According to the census report, 66.2 percent of eligible blacks voted in the 2012 election, compared with 64.1 percent of eligible non-Hispanic whites. An estimated 2 million fewer white Americans voted in 2012 than in 2008, just as about 1.8 million more blacks went to the polls, more than 90 percent of them voting to re-elect President Obama, exit polls showed.
“In 2008, we changed the guard. In 2012, we guard the change,” said Michael Blake, who ran the Obama campaign’s effort to reach out to black and minority voters, Operation Vote.
The overall turnout rate nationwide was 61.8 percent in 2012, a decline from 63.6 percent four years earlier. Researchers cautioned that their estimates might overstate how many people voted across the board, because they are based on surveys in which people were asked whether they had voted — a “socially desirable” activity.
The increase in black turnout seemed to stem from both energized voters and a successful voter-mobilization effort by the Obama campaign. Many black voters were motivated not only to protect the president, political organizers said, but also to demonstrate their own right to vote. In several states, Republican legislators tried to heighten voter-ID requirements, limit voting times and make registration more difficult, efforts that civil rights groups aggressively opposed.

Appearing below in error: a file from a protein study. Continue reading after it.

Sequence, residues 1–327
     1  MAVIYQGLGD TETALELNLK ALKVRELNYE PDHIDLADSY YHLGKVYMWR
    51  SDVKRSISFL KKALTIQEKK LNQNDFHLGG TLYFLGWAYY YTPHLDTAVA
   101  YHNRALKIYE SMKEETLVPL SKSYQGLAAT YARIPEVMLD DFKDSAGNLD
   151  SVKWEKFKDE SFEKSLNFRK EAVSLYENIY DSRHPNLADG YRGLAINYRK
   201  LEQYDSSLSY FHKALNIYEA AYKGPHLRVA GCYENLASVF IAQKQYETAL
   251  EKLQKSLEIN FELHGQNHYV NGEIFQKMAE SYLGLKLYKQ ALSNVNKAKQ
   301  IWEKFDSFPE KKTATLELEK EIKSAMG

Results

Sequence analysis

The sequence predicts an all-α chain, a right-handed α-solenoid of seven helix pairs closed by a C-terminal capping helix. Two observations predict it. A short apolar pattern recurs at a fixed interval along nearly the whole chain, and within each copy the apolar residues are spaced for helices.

“We are accustomed to people trying to deny us things, and I think sometimes you wake the sleeping giant, and that’s what happened here,” said Marvin Randolph, the N.A.A.C.P.'s senior vice president for campaigns.
Mr. Randolph added that voter education efforts drove many blacks to the polls early. The black early vote was 17 percent higher in 2012 than it was in 2008 in Florida, North Carolina, Virginia, Ohio and Michigan.
“They stood in line so they wouldn’t get their vote denied,” Mr. Randolph added.
Thom File, the census report’s author, said in a conference call with reporters on Wednesday, “Blacks for the first time in 2012 actually voted at rates higher than their eligibility would indicate.”
The census study also found a significant gender gap, with women voting at a 4-percentage-point higher rate than men (among blacks, the gap was 9 percentage points). The youth vote also dropped significantly after gains in 2008: 41.2 percent of Americans ages 18 to 24 voted in 2012, down 7.3 percentage points.

Wednesday, May 8, 2013


Computer's been working all day following this mornings outage, so just a quick post and reminder to all writers and wish-to-be writers. Took this message
from Christy Bailey's Facebook post this afternoon. Christy's passing on Cheryl's post. (Christy was a guest blogger for me several months back and is a first-rate writer. Cheryl is the author of the best-selling Wild and other great things. Just making sure I'm giving credit where it's due.
...not that we're in it for the rejection, but rejection is just a part of the deal for all of us. Cheryl's message lifted my spirits this afternoon. Hope it lifts yours.